Lena Dunham Writes Op-Ed on Sexual Assault Passage in Memoir
She writes about "Barry" and being vilified online for including the attack in her memoir
Girls TV show creator and star Lena Dunham has written an op-ed to explain why she chose to write about a sexual assault she encountered almost a decade ago, when Dunham and a man she called "Barry" were students at Oberlin College.
Dunham told her story in a BuzzFeed guest column titled "Lena Dunham: Why I Chose to Speak Out," published on Tuesday.
In her book, Not That Kind of Girl, Dunham described Barry as a Republican who wore cowboy boots, sported a mustache, hosted a radio show, worked at one of the campus libraries and graduated in December 2005. A former Oberlin student who claims Dunham described him has stepped forward to deny he raped Dunham.
On Monday, the man's attorney told The Hollywood Reporter that the book publisher plans to alter a passage in Not That Kind of Girl to specify "Barry" is a pseudonym.
"To be very clear, 'Barry' is a pseudonym, not the name of the man who assaulted me, and any resemblance to a person with this name is an unfortunate and surreal coincidence. I am sorry about all he has experienced," Dunham wrote in the BuzzFeed column.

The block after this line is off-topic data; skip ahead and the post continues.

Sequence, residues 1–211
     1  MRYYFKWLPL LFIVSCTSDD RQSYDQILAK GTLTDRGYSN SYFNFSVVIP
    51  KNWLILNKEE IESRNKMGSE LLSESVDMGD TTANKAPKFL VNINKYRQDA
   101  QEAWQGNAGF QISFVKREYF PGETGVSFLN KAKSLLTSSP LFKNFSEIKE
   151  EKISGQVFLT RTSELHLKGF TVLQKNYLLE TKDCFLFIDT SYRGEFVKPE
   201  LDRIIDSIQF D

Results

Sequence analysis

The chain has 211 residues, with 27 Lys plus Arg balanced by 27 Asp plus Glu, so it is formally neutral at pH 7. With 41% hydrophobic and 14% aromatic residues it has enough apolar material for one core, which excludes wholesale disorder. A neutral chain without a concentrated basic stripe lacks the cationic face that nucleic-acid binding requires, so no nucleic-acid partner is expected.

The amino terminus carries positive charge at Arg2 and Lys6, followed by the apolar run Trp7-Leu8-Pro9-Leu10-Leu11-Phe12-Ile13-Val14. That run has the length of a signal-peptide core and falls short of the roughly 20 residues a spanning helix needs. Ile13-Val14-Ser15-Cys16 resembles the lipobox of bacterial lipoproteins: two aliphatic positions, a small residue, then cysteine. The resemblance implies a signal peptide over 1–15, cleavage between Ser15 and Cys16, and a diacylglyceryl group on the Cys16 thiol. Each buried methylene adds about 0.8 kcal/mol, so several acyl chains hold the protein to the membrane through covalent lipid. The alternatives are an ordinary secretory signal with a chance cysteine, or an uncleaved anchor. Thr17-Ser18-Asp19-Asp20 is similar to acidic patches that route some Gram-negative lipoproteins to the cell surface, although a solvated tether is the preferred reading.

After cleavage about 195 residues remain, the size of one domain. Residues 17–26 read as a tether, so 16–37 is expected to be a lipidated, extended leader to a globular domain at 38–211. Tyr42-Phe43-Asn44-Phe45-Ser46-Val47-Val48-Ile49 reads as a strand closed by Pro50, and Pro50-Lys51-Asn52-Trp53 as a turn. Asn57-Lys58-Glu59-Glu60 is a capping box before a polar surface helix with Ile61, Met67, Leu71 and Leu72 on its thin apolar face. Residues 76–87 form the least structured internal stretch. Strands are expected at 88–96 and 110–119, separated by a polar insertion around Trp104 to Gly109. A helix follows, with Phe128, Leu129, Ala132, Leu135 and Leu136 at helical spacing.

Dunham then responded to criticism she has received for speaking out about the assault she wrote about in her memoir.
"Speaking out was never about exposing the man who assaulted me. Rather, it was about exposing my shame, letting it dry out in the sun. I did not wish to be contacted by him or to open a criminal investigation. I am in a loving and peaceful place in my life, and I am not willing to sacrifice any more of it for this person I do not know, aside from one night I will never forget. That is my choice," Dunham wrote.
"I have had my character and credibility questioned at every turn. I have been attacked online with violent and misogynistic language. Reporters have attempted to uncover the identity of my attacker despite my sincerest attempts to protect this information. My work has been torn apart in an attempt to prove I am a liar, or worse, a deviant myself. My friends and family have been contacted. Articles have heralded 'Lena Dunham's shocking confession.' I have been made to feel, on multiple occasions, as though I am to blame for what happened."
She wrote that survivors of sexual assaults should be allowed to tell their stories freely and "take back control after the ultimate loss of control."